“I saw a blinding light fill my room,” said the woman, “and two monks approaching my bed; one of them placed his hand on my neck and said, ‘I am here to operate on you. I am Father Sharbel and have come to perform the operation.’ I felt a pain in my neck and unconsciously I touched the spot. I realized I could use my disabled arm and I could move my leg under the blanket.”
Miraculously, she was able to stand up and walk to the bathroom. When she looked in the mirror, she saw two incisions, one on each side of her neck.
A week later, she had another dream in which St. Sharbel told her, “Don’t leave the people. Keep your faith.” He then asked her to visit his hermitage and tomb on the 22nd of every month for the rest of her life.
And so, on the 22nd of every month, Mrs. El Shami visits Sharbel’s hermitage, and with a group of pilgrims, she walks from there to the monastery and church — about a mile away — to celebrate the Divine Liturgy. Afterward, she greets the pilgrims.
As the liturgy ended, the now 70-year-old, gray-haired mother of 12 walked outside and stood quietly. Pilgrims crowded around her, trying to get close enough so she could place her hands on their heads and shoulders. Parents lifted their children for her to touch.
Mrs. El Shami’s gentle smile reassured the infirmed among the pilgrims. Her peaceful demeanor affirmed the message written on a sign across from where she stood: “Shine on me, Father, that I may reflect your light.”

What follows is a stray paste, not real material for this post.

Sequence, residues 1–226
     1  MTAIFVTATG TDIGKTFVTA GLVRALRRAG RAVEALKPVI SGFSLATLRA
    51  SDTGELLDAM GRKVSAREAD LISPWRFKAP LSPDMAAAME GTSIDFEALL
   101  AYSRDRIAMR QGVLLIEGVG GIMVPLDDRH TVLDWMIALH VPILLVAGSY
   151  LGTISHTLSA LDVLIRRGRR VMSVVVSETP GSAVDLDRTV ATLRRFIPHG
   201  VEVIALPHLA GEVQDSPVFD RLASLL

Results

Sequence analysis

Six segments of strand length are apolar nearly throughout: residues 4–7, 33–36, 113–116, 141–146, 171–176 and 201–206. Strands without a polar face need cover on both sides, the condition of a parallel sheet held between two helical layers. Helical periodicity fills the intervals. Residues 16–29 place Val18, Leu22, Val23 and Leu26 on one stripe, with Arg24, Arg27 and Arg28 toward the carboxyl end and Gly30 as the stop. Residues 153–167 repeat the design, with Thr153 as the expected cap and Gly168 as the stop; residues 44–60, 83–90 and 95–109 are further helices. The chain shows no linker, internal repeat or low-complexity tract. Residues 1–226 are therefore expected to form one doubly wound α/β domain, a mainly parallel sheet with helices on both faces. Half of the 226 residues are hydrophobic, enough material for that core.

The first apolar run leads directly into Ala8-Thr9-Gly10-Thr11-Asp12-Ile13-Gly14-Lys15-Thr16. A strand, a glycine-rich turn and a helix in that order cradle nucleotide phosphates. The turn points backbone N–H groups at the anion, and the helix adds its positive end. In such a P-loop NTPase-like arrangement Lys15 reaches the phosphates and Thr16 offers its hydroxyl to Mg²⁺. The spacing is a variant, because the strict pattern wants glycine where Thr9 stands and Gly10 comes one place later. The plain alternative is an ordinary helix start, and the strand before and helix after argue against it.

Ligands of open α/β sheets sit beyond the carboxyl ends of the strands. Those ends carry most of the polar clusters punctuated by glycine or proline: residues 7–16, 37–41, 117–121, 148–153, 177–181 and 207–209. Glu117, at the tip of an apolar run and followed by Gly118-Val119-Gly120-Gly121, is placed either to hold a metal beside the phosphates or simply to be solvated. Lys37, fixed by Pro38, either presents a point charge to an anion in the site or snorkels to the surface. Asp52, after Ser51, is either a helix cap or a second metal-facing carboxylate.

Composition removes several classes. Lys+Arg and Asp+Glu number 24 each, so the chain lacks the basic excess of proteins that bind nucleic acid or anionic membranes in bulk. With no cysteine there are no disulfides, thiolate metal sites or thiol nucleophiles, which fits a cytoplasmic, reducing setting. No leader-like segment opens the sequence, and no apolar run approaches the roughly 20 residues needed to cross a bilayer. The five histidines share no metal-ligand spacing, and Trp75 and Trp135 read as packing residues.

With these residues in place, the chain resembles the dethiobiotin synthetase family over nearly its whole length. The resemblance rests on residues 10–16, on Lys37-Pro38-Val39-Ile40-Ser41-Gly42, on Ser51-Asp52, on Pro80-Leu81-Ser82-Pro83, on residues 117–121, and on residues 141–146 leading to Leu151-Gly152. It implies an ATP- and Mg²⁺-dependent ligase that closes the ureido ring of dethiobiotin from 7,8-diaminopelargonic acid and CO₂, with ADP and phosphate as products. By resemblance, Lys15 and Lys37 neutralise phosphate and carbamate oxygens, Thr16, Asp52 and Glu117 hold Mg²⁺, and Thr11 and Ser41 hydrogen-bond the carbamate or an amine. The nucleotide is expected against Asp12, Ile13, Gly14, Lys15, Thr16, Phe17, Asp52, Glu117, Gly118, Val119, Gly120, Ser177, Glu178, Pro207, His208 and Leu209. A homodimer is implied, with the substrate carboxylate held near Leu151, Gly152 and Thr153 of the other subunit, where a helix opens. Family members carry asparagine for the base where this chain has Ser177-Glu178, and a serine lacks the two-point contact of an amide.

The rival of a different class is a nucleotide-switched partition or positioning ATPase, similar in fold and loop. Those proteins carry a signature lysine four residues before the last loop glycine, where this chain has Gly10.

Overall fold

That day, pilgrim after pilgrim told his or her story of a healing miracle attributed to St. Sharbel.
Among them was Lodi Neil. She regularly visits the saint’s tomb on the 22nd day of each month — her heart filled with gratitude. Mrs. Neil’s son was born with serious health problems, including an eye condition doctors said could never be cured. The anguished mother prayed faithfully to St. Sharbel to heal her son. Today, he is now a healthy 25-year-old college student with plans to become a priest.
Among the throngs of pilgrims, Lebanese of all backgrounds reached out to Mrs. El Shami; others made their way to the tomb to offer their prayers and requests of miraculous intercession.
One sporty father in flashy sunglasses had in tow his 5-year-old son named Sharbel, also wearing flashy sunglasses. This modern-day Sharbel will most likely attend a school where classes will be taught in English, French and Arabic. Access to the internet will broaden his horizons beyond all borders, and his Facebook page will extend his social network around the world.
But not all pilgrims were wearing the latest fashions or, as was one visitor, bandages from recent nasal plastic surgery. Poor pilgrims, disguised by their Sunday best, bowed their heads and furrowed their faces. Their prayers could be easily guessed.